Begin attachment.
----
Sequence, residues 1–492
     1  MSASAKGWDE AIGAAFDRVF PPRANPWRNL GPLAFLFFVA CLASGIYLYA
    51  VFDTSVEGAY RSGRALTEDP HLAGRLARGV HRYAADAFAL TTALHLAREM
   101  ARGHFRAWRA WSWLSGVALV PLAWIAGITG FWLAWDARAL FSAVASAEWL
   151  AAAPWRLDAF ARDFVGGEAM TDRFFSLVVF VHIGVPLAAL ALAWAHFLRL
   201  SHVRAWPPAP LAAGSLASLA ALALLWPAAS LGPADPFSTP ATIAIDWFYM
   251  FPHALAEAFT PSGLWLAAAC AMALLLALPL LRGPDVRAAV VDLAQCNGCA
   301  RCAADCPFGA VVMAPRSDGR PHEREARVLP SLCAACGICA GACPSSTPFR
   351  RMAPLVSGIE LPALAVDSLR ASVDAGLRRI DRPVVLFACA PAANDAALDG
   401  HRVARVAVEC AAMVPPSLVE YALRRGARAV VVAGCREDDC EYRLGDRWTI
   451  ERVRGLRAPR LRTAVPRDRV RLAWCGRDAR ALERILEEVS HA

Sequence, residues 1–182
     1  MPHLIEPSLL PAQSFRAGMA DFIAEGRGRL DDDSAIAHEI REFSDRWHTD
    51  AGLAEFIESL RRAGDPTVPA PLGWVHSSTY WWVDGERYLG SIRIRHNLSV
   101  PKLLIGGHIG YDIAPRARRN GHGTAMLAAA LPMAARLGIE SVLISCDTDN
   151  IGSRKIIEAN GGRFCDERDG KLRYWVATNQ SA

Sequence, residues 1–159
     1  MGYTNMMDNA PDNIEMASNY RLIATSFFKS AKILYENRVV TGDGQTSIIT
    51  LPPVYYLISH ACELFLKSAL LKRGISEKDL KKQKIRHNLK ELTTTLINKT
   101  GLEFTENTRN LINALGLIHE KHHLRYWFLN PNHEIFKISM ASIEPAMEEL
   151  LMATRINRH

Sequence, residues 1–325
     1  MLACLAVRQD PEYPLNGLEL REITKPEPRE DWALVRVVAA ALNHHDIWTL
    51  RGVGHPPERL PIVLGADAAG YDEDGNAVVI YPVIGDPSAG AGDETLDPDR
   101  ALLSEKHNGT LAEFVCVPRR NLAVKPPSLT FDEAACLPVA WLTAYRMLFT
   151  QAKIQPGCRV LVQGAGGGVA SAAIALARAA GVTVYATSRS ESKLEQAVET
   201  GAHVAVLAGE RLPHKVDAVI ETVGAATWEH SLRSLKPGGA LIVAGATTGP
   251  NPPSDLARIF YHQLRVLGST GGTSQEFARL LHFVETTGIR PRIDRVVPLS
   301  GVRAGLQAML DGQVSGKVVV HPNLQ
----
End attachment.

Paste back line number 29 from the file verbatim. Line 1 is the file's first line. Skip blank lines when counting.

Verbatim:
   301  GVRAGLQAML DGQVSGKVVV HPNLQ